Victoria's Secrets: 10 Lessons You Can Adopt From Herstory
If you are a fan of the PBS costume drama, “Victoria,” that just wrapped up season 3, then you know that this constitutional monarch who ruled the United Kingdom, Ireland and even became the Empress of India for a total of 63 years is one fearsome queen.
In honor of Women’s History Month, we are going across the pond and back in time to a woman who was not only the working mother of nine children, but also the longest ruling monarch in history– that is until her great great granddaughter Queen Elizabeth II passed her record.
Honoring the woman who ascended to the throne at 18 and stayed there until she was 81, we will look past her oddities and bow to her incredible resilience, strength, diplomacy and ability to rule family, country and home while wearing the most amazing outfits.
Know your history. This is Leadership Power Tool #1 as created by Gloria Feldt, Take the Lead’s co-founder and president. Victoria took this to heart, writing 2,500 words a day in her journal, for a total of 122 volumes of journals. She was careful to know where she came from, what she was doing and where she was going.
Take advice from multiple sources. As depicted in the PBS series, Victoria weighed carefully the advice of her prime ministers, including Lord Melbourne, and also Foreign Secretary Lord Palmerston, as well as her husband, Prince Albert. She also listened to the women in her court, sought their input and asked direct advice from her dressers. “I was fortunate to have wise minds who believed in me when I could not,” the Victoria character proclaimed in season 3.
Set a good example. While known for her high morals and criticized for prudishness, Victoria did leave history with the Victorian Era, known as one that lacked scandal at the highest levels. She inherited a messy kingdom with plenty of gossip and affairs and abuse. But she did not tolerate in her court people who were less than ethical, so it seems she would have been a proponent of #MeToo and #TimesUp, long before they were movements. They called hers the “family monarchy.”
Keep your life and work priorities. No, Victoria never had to worry a millisecond about childcare or expenses, but she did read to her children at night, bring them to public events and want them around her. She was not a proponent of breastfeeding, but she did have nine children and she did manage to perform her queenly duties before, during and after each delivery.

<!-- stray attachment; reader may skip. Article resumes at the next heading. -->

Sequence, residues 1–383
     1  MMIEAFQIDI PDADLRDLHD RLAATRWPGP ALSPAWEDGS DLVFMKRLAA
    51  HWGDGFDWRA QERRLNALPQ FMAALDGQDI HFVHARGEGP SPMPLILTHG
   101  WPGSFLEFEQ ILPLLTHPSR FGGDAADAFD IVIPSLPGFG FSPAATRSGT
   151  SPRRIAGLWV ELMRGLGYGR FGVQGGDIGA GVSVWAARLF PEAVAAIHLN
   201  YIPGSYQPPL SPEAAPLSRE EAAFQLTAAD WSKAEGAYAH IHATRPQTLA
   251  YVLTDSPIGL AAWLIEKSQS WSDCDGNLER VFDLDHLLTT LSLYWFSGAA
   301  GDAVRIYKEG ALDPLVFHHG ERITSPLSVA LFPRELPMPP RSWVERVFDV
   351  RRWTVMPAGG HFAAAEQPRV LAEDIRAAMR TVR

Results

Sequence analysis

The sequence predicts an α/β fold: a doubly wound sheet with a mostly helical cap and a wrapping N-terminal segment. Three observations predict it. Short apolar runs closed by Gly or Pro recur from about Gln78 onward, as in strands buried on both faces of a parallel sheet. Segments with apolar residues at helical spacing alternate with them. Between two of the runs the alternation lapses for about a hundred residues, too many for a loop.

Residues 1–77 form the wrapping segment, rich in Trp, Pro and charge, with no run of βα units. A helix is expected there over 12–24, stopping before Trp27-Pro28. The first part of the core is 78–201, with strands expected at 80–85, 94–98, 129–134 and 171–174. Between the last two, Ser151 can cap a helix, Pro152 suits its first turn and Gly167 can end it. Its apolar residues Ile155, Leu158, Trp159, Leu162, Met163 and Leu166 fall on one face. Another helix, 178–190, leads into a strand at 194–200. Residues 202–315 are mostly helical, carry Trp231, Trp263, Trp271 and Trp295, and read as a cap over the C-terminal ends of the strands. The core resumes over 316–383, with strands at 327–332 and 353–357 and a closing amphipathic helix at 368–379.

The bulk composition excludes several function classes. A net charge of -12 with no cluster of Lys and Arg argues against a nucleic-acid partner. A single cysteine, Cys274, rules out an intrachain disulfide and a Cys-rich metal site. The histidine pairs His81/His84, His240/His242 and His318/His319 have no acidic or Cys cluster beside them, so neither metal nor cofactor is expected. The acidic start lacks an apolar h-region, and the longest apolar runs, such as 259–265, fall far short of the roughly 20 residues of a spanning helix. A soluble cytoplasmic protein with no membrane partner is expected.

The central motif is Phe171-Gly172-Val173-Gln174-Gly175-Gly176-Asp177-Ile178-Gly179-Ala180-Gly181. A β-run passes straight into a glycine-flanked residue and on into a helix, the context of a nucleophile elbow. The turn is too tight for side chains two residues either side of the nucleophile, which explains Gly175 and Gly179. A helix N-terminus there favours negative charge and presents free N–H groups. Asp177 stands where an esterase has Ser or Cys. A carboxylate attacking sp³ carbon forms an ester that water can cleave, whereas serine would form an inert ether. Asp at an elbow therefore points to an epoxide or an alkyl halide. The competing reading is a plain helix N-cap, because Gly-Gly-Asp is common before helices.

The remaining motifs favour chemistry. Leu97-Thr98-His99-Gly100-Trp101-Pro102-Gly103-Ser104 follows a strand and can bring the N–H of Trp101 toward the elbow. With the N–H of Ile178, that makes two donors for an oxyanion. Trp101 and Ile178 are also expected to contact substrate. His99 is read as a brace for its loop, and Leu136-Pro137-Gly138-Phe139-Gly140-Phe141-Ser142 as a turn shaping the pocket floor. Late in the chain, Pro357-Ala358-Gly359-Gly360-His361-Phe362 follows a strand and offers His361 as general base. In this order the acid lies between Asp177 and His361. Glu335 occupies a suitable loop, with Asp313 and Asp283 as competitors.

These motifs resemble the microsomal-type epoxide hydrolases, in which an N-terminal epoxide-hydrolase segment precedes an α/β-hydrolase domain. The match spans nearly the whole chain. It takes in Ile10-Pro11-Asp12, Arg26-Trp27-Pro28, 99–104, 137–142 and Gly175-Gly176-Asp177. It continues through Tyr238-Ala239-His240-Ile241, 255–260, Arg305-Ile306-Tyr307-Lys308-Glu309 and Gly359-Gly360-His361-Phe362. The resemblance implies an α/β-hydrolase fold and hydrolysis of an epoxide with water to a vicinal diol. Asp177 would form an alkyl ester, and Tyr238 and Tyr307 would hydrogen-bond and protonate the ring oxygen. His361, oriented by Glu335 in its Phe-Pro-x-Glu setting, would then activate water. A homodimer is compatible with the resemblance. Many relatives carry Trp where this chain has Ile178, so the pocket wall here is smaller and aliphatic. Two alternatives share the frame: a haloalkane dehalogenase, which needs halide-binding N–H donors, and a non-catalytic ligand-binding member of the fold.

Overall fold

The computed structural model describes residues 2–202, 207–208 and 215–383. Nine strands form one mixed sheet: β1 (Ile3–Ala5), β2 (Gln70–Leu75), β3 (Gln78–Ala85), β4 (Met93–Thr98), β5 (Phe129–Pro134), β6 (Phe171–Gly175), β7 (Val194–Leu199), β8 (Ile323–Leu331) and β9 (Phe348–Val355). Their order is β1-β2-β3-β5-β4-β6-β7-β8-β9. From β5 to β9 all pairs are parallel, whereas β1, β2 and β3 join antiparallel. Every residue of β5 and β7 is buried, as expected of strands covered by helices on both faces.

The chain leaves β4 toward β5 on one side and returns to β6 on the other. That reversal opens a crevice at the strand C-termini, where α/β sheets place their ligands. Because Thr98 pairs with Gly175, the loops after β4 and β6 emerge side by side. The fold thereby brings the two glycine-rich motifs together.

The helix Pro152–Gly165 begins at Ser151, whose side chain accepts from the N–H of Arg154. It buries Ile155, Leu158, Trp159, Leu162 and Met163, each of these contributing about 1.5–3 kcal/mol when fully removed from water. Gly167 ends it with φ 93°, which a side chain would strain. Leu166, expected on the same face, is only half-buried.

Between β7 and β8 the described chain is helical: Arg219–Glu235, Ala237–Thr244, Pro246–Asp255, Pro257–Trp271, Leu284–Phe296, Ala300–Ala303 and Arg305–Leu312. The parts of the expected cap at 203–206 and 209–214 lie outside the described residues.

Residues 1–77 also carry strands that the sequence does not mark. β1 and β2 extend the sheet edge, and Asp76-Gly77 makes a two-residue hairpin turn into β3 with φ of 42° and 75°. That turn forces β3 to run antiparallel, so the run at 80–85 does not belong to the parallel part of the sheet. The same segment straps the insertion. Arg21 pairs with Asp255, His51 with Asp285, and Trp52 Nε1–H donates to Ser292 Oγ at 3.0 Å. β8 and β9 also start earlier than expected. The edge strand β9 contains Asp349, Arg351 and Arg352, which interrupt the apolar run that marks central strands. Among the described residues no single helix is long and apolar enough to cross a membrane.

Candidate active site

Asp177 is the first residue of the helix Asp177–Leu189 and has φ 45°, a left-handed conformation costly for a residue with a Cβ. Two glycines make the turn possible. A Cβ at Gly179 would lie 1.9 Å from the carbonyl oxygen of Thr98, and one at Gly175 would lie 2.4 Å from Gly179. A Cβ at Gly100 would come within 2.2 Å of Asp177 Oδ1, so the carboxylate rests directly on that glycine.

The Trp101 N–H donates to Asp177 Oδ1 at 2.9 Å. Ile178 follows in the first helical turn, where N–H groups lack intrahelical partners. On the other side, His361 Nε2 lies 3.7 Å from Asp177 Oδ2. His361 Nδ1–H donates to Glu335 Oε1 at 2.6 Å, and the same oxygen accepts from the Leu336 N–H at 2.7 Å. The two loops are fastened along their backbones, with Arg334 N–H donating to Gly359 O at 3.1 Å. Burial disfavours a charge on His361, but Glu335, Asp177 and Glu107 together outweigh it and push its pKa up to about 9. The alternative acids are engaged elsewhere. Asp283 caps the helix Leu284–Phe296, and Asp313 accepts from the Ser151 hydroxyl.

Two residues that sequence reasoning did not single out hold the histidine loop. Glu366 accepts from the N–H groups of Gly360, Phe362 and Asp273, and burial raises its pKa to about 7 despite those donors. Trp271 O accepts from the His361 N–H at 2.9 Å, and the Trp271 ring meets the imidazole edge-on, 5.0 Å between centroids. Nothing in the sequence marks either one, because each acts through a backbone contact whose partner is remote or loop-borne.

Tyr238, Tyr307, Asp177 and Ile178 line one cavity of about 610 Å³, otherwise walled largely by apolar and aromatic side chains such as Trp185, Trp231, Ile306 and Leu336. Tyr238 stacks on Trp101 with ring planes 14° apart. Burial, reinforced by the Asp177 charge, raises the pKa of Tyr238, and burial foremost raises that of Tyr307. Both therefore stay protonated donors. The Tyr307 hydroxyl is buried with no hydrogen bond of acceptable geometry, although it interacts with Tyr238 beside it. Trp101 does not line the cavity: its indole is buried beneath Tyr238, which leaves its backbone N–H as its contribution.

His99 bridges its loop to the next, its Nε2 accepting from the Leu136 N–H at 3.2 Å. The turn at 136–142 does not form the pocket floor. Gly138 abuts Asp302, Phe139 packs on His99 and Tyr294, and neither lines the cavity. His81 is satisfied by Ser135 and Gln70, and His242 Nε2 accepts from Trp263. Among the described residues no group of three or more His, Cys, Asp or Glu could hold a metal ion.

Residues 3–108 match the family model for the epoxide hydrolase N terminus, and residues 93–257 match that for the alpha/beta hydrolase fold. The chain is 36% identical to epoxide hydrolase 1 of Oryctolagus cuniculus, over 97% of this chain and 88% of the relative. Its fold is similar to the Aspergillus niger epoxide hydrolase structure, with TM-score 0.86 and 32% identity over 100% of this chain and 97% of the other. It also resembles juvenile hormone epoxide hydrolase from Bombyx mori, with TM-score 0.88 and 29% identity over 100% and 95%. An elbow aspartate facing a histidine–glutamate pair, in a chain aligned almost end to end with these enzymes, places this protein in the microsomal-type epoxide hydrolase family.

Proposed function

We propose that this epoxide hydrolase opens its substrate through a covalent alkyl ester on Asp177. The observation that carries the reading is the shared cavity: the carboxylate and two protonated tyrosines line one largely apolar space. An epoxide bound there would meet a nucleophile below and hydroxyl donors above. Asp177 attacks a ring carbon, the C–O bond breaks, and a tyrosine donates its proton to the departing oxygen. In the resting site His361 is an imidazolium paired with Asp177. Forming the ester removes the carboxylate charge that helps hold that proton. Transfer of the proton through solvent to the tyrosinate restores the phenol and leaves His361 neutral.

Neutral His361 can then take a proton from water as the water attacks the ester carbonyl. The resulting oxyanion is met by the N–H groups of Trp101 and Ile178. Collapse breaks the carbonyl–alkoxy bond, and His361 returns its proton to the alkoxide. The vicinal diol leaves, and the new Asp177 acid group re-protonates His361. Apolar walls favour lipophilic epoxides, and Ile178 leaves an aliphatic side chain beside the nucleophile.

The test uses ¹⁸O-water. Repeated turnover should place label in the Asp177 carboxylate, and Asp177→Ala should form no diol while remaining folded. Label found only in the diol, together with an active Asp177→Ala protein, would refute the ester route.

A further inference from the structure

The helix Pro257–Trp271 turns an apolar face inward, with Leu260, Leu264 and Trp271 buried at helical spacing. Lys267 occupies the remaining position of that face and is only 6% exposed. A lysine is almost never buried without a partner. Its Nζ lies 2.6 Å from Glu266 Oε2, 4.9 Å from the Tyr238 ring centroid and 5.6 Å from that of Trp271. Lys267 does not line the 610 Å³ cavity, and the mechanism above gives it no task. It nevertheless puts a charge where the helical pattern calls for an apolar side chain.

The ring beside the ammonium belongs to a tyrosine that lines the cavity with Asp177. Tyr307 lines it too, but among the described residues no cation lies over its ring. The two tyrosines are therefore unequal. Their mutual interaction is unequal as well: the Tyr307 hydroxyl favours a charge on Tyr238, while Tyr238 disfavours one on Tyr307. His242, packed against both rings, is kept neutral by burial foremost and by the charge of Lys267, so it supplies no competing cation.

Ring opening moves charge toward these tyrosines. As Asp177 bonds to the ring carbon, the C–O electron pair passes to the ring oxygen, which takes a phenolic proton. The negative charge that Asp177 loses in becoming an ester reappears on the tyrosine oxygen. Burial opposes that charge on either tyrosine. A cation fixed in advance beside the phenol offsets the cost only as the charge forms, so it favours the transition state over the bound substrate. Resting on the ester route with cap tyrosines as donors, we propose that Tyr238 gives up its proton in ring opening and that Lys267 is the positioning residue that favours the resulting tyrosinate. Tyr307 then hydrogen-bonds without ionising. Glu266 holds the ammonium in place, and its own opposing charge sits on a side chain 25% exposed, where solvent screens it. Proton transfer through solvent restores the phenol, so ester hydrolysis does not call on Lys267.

Hand out compliments and favors. Of course a reward could be a castle, but also a title or another form of reward and access. Victoria was knowns as a fair leader who said, “I lead by competition rather than conflict, the best part of human nature, not the worst.” She gave positive feedback where warranted, was not cruel, but was measured in her justice and thinking. She did speak plainly to all her male advisors and did not shrink in their presence. She stood up to sexists and naysayers and disagreed openly and acted quickly to respond.
Stay physically active. As if the nine children and the countries were not enough to be in charge of, Victoria was an active equestrian – at least until the later years of her life. She believed in exercise and fresh air, even if that just meant moving around the grounds of her many palaces.
Keep track of your social influence. If Victoria was around today, she would for sure be on Twitter and Instagram. Well aware of her waning and blooming popularity, Victoria used the public’s love of her to her advantage, and to the advantage of her husband, Albert. She supported him publicly for the Great Exhibition and the unveiling of the Crystal place in 1851, a project that was doomed until she intervened. She was cognizant of public opinion and quipped, “I want them to love me, otherwise, what is the point?”
Be stylish. Queen Victoria changed how women dressed in the 19th century and she was always exquisitely adorned. Her choice of white for her wedding dress was a first—dresses to that point were in many colors—and she wore a white lace dress with an 18-foot train and white satin shoes. She wore a wreath of myrtle and orange blossoms. The style forever changed what brides wore.
Maintain a happy family life. Victoria had a lot on her plate in terms of family, with her sister living in the palace, then her sister’s daughter, her mother and stepfather, and of course, her husband and children. She was highly supportive of her husband, making sure he felt her support for his innovations. “I married a dreamer, not a soldier,” she said to Albert. Though she wanted her children near her and could have been a little clingy to them, Victoria also made sure they had the best opportunities available.
Show your strengths and demonstrate your resilience. Victoria powered through multiple assassination attempts, and a culture that put women down routinely, dismissing her ideas and her influence. She was revered as a straight talker, someone who told the truth and someone who was very strong and unafraid to stand up for what she believes.
About the Author
Michele Weldon is editorial director of Take The Lead, an award-winning author, journalist, emerita faculty in journalism at Northwestern University and a senior leader with The OpEd Project. @micheleweldon www.micheleweldon.com